Herbal Defense Against the Common Cold
Larch arabinogalactan increased the body’s potential to defend against infection
A special fiber from the bark of the larch tree, called arabinogalactan, may be another weapon in the arsenal against the common cold, according to a study that found that people who supplemented with arabinogalactan got fewer colds.
The study, published in Current Medical Research and Opinion, included 199 people who reported getting colds frequently--at least three times in six months. They were assigned to receive either 4.5 grams (about 1 teaspoon) of larch arabinogalactan powder per day or placebo and were monitored for 12 weeks.
Larch arabinogalactan users have fewer colds
Arabinogalactan appeared to make a small difference: 60% of the people in the supplement group got a cold during the study compared to 74% in the placebo group and the arabinogalactan users had more cold-symptom-free days (77 days) compared to placebo (74 days). The duration and severity of symptoms was the same in both groups.
The study's authors comment that "larch arabinogalactan increased the body's potential to defend against common cold infection," noting that both groups had fewer colds than expected during the study, suggesting that the protective effect of arabinogalactan may have been more pronounced if the rate of colds had been higher.
Arabinogalactan and immunity
While scientists still don't know exactly how larch arabinogalactan works, studies done in test tubes have found that it can increase the activity of specific immune cells and increase antibody production. It is also known to act as a prebiotic, increasing populations of friendly bacteria in the large intestine. These bacteria help keep the immune system working properly, and studies have shown that increasing the number of friendly bacteria in the gut can reduce susceptibility to some infections, including colds.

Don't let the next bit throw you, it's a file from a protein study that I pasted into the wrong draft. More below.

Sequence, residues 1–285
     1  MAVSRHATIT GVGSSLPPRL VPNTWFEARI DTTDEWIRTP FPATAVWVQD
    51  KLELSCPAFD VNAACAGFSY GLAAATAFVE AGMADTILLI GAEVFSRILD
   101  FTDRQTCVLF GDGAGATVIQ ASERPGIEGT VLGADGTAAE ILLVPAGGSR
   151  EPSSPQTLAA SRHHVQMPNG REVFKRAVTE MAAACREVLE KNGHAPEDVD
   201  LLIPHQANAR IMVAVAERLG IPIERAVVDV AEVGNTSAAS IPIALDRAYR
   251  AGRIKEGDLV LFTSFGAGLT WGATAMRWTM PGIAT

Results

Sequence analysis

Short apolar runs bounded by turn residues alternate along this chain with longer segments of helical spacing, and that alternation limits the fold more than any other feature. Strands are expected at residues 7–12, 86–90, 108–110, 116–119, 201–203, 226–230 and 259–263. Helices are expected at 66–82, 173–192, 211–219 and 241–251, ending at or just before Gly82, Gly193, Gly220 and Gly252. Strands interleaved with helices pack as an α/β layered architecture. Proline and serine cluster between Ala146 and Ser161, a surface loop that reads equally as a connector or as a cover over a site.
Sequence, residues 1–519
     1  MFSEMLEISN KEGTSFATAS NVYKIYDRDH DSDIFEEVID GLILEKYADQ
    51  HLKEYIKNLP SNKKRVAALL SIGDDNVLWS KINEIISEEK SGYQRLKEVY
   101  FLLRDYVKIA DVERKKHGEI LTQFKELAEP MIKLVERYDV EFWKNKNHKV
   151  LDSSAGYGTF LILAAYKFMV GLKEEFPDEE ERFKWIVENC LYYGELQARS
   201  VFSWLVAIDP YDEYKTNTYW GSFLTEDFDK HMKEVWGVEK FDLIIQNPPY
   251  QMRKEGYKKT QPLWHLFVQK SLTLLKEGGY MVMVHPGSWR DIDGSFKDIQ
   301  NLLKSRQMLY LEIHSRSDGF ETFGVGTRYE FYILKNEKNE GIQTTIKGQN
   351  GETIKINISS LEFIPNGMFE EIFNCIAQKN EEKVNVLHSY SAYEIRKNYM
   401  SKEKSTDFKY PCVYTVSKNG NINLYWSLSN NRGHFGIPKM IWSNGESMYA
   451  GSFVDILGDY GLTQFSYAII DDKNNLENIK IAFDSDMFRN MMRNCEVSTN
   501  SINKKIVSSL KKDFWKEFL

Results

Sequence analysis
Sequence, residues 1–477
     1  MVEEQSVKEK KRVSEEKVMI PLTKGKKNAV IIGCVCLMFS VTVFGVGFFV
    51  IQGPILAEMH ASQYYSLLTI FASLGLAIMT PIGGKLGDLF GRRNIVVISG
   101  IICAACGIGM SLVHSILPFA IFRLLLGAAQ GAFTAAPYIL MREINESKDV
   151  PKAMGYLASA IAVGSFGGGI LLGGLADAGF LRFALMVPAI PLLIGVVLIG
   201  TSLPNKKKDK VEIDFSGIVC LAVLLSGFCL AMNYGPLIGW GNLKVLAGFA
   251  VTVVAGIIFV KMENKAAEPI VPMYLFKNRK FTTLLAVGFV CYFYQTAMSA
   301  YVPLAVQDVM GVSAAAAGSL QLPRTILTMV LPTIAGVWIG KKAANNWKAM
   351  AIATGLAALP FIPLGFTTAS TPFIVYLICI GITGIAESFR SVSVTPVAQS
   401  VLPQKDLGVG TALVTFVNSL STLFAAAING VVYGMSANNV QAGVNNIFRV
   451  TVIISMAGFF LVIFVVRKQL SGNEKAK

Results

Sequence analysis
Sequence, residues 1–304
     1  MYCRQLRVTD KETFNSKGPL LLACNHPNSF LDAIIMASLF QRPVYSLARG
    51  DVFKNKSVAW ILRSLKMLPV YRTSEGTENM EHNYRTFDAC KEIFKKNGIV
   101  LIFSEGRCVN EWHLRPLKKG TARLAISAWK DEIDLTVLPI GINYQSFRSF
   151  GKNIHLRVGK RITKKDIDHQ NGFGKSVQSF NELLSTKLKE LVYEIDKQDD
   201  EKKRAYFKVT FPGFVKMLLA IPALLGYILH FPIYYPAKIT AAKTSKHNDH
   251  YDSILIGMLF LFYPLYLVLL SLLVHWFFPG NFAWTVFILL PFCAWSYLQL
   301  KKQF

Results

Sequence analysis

Build your defenses against colds
Larch arabinogalactan may help your immune system better fight off cold viruses, but viruses are very clever and you might improve your odds staying healthy if you use multiple weapons to keep them at bay:
(Curr Med Res Opin 2013;29:1-8)
Maureen Williams, ND, completed her doctorate in naturopathic medicine at Bastyr University in Seattle and has been in private practice since 1995. With an abiding commitment to access to care, she has worked in free clinics in the US and Canada, and in rural clinics in Guatemala and Honduras where she has studied traditional herbal medicine. She currently lives and practices in Victoria, BC, and lectures and writes extensively for both professional and community audiences on topics including family nutrition, menopause, anxiety and depression, heart disease, cancer, and easing stress. Dr. Williams is a regular contributor to Healthnotes Newswire.